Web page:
Romeo and Juliet – Ballet in seven scenes and a prologue
Romeo – Ivan Vasiliev
Juliet – Natalia Osipova
Mercutio – Alban Lendorf
Benvolio – Robin Bernadet
Livia – Tara Schaufuss
Lord Montague – Donald MacLeary
Lord Capulet – Stephen Jefferies
Lady Capulet – Marguerite Porter
Peter – Wayne Sleep
Tybalt – Johan Christensen
Paris – Stefan Wise
Juliet’s Nurse – Yoko Takahashi
Friar Laurence – Peter Schaufuss
Escalus – Wayne Eagling
Orchestra of English National Ballet
Sir Frederick Ashton – Choreography
Peter Schaufuss – Producer & director
Luciano Melini – Sets & lighting designs
Peter Rice – Original costume designs
Reviewed by: G. J. Dowler
Reviewed: 12 July, 2011
Venue: The Coliseum, London
Schaufuss is presenting the work himself, without financial backing, hence the somewhat basic staging (although there are excellent period costumes ‘after’ Peter Rice). It matters not a jot, for the orchestra is alive and responsive under Graham Bond’s alert baton, delivering a brisk rendition of Prokoviev’s cut score (the whole show comes in, mercifully, at two-and-a-quarter hours). There is a handful of corps de ballet, but, wisely, Schaufuss concentrates all the action on the principals – the padding of countless tarts and peasants so familiar from Leonid Lavrovsky, John Cranko and Kenneth MacMillan are a distant memory.
Shining at the centre of this modest jewel are three principals of world lustre, ably abetted by impressive soloists. All praise for Johan Christiensen’s vicious Tybalt, a dancing version of Harry Potter’s Draco Malfoy with his peroxide locks, and Robin Bernadet as Benvolio who had the unenviable task of keeping up with Mercutio and Romeo – his mandolin trio solo was truly quicksilver.
Prodigious, technically astounding, handsome and scenically engaging, Alban Lendorf, Copenhagen’s newest and most exciting Principal, swept all before him as Mercutio – his is a name to watch and, indeed, to book for. His peerless Danish technique allowed him to be both precise with the choreography and then to ‘play’ with it, to let it sing. Indeed, he rubbed just a little of the lustre off Romeo, the prodigiously talented Ivan Vasiliev, who so impressed London last summer during the Bolshoi’s visit. Vasiliev is already a dancer of world stature, but Ashton’s small-scale and detailed Romeo makes an awkward fit for him – he has to rein in his natural ebullience and attack. Additionally, Ashton’s filigree steps (he was also responding to the Danes’ Bournonville training in this) seemed to irk Vasiliev – all he wanted to do was to soar. He was ardent, impassioned, in love with his Juliet, but he showed fraying at the technical edges, the antithesis of the Danish and Ashtonian precision. His compact, muscular frame does not ultimately suit the movements Ashton provides and I suspect he would be even more successful in the MacMillan version in which he could literally hurl himself around. As it was, I secretly wished to see Lendorf as Romeo and Vasiliev as Mercutio.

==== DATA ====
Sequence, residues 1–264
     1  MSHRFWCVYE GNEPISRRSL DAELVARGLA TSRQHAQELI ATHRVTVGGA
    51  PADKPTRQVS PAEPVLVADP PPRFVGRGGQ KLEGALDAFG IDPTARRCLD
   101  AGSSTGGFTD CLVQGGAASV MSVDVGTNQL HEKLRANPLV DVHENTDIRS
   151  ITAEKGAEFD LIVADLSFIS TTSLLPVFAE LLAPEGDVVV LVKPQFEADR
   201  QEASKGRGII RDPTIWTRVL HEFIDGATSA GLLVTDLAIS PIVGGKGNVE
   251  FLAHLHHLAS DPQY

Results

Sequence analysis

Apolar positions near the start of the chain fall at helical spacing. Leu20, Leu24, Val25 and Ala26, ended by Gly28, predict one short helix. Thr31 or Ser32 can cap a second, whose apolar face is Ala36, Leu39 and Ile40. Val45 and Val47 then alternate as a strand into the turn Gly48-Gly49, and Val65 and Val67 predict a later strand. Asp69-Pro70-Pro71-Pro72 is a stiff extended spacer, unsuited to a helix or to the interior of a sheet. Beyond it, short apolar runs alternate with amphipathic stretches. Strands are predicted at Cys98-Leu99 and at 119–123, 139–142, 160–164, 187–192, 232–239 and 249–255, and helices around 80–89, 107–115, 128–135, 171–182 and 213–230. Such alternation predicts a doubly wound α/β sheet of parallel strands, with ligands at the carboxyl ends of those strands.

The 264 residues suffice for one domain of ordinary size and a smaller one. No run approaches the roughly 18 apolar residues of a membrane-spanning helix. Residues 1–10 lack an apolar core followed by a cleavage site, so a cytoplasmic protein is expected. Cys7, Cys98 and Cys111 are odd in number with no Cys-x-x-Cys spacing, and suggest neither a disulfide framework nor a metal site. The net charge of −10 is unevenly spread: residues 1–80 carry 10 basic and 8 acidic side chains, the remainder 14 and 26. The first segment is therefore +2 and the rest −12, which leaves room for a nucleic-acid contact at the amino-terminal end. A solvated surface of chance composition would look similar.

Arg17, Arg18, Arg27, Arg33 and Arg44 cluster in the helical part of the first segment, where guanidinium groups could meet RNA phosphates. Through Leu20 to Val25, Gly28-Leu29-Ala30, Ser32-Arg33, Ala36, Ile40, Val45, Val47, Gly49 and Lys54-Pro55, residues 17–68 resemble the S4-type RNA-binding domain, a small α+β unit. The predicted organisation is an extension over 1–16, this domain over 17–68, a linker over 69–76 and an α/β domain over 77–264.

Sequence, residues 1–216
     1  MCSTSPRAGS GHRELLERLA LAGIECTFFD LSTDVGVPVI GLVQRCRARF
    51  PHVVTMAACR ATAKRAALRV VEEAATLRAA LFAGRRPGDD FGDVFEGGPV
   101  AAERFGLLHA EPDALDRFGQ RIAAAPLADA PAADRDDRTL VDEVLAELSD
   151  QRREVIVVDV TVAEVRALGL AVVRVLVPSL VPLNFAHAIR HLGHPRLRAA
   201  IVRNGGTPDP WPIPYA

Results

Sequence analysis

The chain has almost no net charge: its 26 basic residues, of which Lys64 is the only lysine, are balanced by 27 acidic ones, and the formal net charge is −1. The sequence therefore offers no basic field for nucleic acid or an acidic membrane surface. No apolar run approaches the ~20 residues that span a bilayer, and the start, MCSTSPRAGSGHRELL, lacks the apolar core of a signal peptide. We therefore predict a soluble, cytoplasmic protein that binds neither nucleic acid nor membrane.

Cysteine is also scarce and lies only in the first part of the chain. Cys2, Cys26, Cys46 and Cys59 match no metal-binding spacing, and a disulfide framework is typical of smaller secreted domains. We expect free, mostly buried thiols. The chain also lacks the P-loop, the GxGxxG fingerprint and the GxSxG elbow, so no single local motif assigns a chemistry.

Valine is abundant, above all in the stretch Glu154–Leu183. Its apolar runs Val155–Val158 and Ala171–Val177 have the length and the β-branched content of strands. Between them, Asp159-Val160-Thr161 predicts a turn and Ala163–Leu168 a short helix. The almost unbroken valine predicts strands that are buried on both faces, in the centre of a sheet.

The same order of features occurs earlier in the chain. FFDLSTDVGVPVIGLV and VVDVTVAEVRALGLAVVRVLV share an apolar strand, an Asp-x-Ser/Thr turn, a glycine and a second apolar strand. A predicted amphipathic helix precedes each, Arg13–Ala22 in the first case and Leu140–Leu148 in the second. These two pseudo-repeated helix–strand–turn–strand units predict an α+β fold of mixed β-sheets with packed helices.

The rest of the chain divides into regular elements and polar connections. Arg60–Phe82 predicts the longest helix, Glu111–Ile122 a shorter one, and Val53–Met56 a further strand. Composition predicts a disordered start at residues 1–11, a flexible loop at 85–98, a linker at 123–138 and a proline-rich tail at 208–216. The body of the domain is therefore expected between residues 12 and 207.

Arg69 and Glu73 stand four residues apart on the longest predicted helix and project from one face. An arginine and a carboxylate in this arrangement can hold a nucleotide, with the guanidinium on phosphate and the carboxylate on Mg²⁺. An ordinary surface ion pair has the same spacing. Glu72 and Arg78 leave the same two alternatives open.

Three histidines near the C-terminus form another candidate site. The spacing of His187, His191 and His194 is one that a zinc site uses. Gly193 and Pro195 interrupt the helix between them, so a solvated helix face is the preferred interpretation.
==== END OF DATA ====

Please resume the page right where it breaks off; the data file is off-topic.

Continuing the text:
No complaints whatsoever about Natalia Osipova’s superb Juliet – from her first innocent, wide-eyed entry through the giddiness of love and then the descent into tragedy, she etched every moment with care and luminous clarity. Osipova’s body sings with dance, her beautiful silhouette gladly bending and twisting itself around Ashton’s moves and poses. I thank her for wearing the most silent of pointe shoes (so the effect of her dancing was not marred by unwelcome staccato, as often punctuates Russian ballerinas’ performances), for her willingness to engage with this delicate version of Juliet, and for the generosity of her acting and her dancing. This is a notable portrayal, and showed what a superb Ashton dancer Osipova could be with further coaching.
On first night Schaufuss had assembled many of the ‘old guard’ to appear in the non-dancing roles – superb dancer-actor Stephen Jeffries as Lord Capulet, ex-ballerina Marguerite Porter as his Lady, Wayne Eagling as Escalus, Prince of Verona, that peerless partner and ballet gentleman Donald MacLeary as Lord Montague, Schaufuss himself as Friar Laurence, and even Wayne Sleep as the Page. The evening was introduced by the matchless Dame Beryl Grey, who, as Director of London Festival Ballet, introduced Schaufuss as a young Principal to London forty years ago. An evening of nostalgia, certainly, but one which also showed that ballet has a great future in the hands of the next generation.